Thumbs Down On Yen Intervention
Why A Yen This Weak Is Negative For Japan
No joy for Japanese Finance Minister Shinichi Suzuki on getting foreign cooperation to stop the yen decline. In talks with reporters, Suzuki said that, at this week’s Washington meeting of the Group of 20 Finance Ministers, none of the other Ministers even responded when he talked about the yen’s decline. He also talked about the yen with US Treasury Secretary Janet Yellen, but he refused to say whether he discussed intervention in the currency markets. A Japanese TV network TBS cited an anonymous Finance Ministry (MOF) official saying that at the Suzuki-Yellen meeting, “The US side sounded as if it would consider the idea [of joint currency intervention] positively.” However, no other news outlet has issued a similar report and most private currency experts regard it as nearly unthinkable. The MOF could, of course, intervene unilaterally but without at least tacit Washington approval, it would be far less effective.
Moreover, the IMF implicitly put the kibosh on the notion of intervention because, as Sanjaya Panth, deputy director of the IMF's Asia and Pacific Department told Reuters, “What we're seeing so far on the yen is driven by fundamentals.” The G7 and G20 have agreed that intervention is only warranted when speculation drives a currency away from economic fundamentals. In this case, the fundamental is the growing gap between ultra-low interest rates in Japan and rising rates elsewhere.
A Cheap Yen Doesn’t Boost Exports Like It Used To
A currency rate that is too cheap hurts just as much as one that is too strong. At ¥128/$, the yen is hurting Japan.
For one thing, yen depreciation no longer boosts exports as much as in the past. One reason is that more companies are sending their production offshore. Two-thirds of Japanese autos are made overseas these days. A BOJ study shows that industries with more overseas production get less of an export boost for each 1% depreciation of the yen.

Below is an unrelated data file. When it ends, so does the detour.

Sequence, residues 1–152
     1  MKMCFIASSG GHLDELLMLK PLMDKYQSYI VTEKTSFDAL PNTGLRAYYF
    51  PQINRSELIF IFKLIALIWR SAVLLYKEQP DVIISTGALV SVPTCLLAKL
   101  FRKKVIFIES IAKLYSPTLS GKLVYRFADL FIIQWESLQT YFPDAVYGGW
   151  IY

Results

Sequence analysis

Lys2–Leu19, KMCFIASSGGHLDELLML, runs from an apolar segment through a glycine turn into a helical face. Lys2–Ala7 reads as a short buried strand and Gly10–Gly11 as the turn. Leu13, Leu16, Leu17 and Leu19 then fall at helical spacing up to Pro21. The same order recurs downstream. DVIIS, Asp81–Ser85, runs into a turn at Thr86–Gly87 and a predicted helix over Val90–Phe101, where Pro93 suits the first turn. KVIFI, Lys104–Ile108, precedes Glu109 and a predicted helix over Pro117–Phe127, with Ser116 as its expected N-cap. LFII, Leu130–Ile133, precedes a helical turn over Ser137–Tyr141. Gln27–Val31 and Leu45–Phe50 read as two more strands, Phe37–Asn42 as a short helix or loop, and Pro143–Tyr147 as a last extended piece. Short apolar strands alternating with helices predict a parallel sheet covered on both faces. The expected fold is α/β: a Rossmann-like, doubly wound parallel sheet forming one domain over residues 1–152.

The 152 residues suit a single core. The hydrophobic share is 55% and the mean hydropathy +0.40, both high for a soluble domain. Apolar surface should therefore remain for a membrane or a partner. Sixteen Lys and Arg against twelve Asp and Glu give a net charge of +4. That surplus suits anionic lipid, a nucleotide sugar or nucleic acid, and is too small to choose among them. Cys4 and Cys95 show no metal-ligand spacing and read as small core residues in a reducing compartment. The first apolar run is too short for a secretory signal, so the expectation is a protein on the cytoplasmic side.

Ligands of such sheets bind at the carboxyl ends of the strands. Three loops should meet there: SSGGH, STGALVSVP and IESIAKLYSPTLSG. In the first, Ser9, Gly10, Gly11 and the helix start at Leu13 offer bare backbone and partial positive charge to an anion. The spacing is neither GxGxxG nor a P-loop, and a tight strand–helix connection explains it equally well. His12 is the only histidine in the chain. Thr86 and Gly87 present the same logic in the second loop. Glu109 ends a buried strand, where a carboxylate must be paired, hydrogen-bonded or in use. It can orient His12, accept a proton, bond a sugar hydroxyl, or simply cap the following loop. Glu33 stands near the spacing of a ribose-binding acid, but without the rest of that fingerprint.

A second reason is that many Japanese makers of electronics and machinery are no longer as competitive as they used to be, no matter where they make their products. Despite a 40% surge in global electronics sales from 2008 to 2020, every one of the Japan’s top ten electronics hardware manufacturers saw its global sales slump. Japanese companies that used to be able to charge a premium price now have to scramble for sales by offering lower prices. But the size of the necessary price cuts has gotten bigger.
When the BOJ looked at 2,700 different products, it found that, whenever the yen got weaker during 2002-2010, 86% of the products enjoyed an export boost. In the next decade, 2011-19, only 72% did so. For the other 28%, yen depreciation actually hurt exports because it raised the cost of indispensable imports like energy and raw materials. Moreover, even for the companies that still benefited from yen depreciation the size of the export boost was a lot smaller than ten years earlier.
Paying More For Imports
The textbooks tell us that currency depreciation will lead consumers to switch from imported goods to buying the same products from domestic producers. However, about 40% of Japan’s imports are items like mineral fuels, food, and raw materials for which there are few, or no, domestic alternatives. The only result is that Japanese companies and households now have to pay higher prices to foreign producers.
What about the other 60% of imports? These are mostly manufactured goods, the majority of which are made by the overseas affiliates of Japan’s own companies.
As a result of these two factors, when the yen depreciates, Japan still buys more or less the same volume of imports; it just pays more for them.
Paying More To Get Less
Suppose you were a dressmaker bartering your products with the local grocery store. Suppose the grocer says he’ll now pay only half as much food for each dress because a new dressmaker can do a better job than you. You might take the deal on the grounds that getting half as much food is better than no food at all. However, you’re still worse off than you were.
A cheaper yen is like this. Japan is getting less food for each Toyota it exports. That’s good for Toyota, but not for Japan’s consumers. The benefits might still surpass the costs if that led Toyota to export more cars, hire more workers and pay the latter higher wages. But that’s not what’s happening in today’s Japan.